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Former students at West Madison Elementary School surprised Cheryl Bailey (in orange shirt) by returning to visit. West Madison alumni included Meridian Jordan, front and bending down, Bailey, LouAnn Crosby with yearbook, and Parker Harless. Madisyn Bedfingfield, back from left, Chase Henderson, Grace Merenka, the late Jackson Rumley and Connor Matheney. CONTRIBUTED

A teacher’s perspective: Cheryl Bailey will remember West Madison, the ‘hidden gem’

MADISON – Sometimes, the best reflections grace the eyes of a teacher.

Cheryl Peterson Bailey taught second-graders at West Madison Elementary School for 19 years – in the same classroom. Like hundreds of other teachers, Bailey felt nostalgic twinges when West Madison said goodbye to its decades as an elementary school when this school year ended.

“I first got involved in West Madison as a parent when my oldest son started kindergarten in 1991. Dee Fowler was principal and Mary Long, assistant principal,” Bailey said. Bailey volunteered with PTA for Madison County Schools (before Madison City Schools formed) and was West Madison PTA President from 1993-1995.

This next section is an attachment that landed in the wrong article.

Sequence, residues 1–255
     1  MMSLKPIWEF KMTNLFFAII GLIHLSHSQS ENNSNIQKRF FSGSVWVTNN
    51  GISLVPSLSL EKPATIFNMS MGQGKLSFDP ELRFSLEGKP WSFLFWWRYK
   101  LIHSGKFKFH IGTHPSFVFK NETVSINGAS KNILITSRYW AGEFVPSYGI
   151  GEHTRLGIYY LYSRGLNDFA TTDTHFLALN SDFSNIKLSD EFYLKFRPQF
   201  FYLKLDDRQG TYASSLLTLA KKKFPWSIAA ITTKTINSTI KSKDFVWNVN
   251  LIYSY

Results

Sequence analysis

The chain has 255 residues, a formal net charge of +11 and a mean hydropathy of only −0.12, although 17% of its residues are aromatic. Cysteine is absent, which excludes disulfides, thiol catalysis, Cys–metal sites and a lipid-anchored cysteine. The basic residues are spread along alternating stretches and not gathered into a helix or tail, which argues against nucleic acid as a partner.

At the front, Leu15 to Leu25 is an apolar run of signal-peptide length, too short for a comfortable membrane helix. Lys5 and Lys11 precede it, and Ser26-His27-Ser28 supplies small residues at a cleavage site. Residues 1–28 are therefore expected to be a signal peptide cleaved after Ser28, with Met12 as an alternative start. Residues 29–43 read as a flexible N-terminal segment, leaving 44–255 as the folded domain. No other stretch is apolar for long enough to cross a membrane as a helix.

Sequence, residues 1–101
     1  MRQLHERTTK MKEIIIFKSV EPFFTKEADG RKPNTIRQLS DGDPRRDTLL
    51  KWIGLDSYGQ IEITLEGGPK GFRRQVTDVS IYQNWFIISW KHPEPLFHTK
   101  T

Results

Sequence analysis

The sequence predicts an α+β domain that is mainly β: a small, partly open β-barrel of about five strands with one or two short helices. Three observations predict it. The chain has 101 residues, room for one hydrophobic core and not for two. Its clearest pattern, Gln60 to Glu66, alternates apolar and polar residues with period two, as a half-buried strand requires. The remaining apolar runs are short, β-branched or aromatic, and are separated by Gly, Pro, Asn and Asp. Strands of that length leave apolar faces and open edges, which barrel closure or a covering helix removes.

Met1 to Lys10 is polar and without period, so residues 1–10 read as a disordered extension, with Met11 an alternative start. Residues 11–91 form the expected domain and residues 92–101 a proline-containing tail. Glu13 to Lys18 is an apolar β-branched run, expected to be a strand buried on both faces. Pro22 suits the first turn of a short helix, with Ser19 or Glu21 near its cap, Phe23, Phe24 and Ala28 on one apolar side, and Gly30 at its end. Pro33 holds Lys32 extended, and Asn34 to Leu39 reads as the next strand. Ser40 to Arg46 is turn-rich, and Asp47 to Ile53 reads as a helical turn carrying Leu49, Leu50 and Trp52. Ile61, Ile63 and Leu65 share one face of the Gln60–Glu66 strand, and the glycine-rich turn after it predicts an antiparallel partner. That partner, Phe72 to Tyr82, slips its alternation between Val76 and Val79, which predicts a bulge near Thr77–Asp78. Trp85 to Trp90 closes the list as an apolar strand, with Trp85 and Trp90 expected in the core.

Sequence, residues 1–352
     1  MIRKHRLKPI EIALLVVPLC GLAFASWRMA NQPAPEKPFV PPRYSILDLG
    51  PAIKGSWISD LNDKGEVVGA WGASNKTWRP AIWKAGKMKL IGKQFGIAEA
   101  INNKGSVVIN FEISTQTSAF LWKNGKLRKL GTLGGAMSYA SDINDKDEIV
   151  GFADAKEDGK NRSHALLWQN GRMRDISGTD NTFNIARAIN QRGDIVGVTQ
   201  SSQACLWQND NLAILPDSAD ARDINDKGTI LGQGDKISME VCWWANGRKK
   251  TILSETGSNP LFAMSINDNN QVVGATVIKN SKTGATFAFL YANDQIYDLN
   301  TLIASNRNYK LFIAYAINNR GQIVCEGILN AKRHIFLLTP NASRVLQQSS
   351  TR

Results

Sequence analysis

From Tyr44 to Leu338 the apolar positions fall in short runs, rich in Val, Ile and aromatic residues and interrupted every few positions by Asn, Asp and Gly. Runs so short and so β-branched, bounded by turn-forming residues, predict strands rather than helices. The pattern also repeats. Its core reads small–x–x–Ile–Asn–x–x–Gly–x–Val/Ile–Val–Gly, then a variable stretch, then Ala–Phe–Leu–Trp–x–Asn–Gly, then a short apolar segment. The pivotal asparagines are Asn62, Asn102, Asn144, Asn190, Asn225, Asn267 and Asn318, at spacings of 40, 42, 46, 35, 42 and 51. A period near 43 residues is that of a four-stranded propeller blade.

“I became the computer aide teacher at West Madison in 1996 and also worked on my master’s in elementary education and finished that in May 2001,” Bailey said. “Mary Long hired me in August 2001 for second grade. I retired with 24 years in education in June 2020.”

In October 2020, she was invited and accepted lead tutor position. She will continue that work at Midtown Elementary School. “We all are a little nervous about doubling the number of students at our new school. But we’re up for the challenge,” Bailey said.

Bailey enjoyed working with two principals — Dr. Daphne Jah for many years and recently with Savannah Demeester, who has been her daughter Meghan’s friend since childhood.

Starting to teach after her three children were born, Bailey “came a little late to the game, but I had a good handle of how young kids ticked. I always said I teach ‘like a mom.’”

“I loved all my students as if they were my own . . . and told them like it was,” Bailey said. “I can honestly say I laughed, cried and learned every day. Teaching seven- and eight-year-olds was truly a blessing. I consider that age child to be ‘my peeps.’ They still respect you, they love you unconditionally, and are so creative and funny.”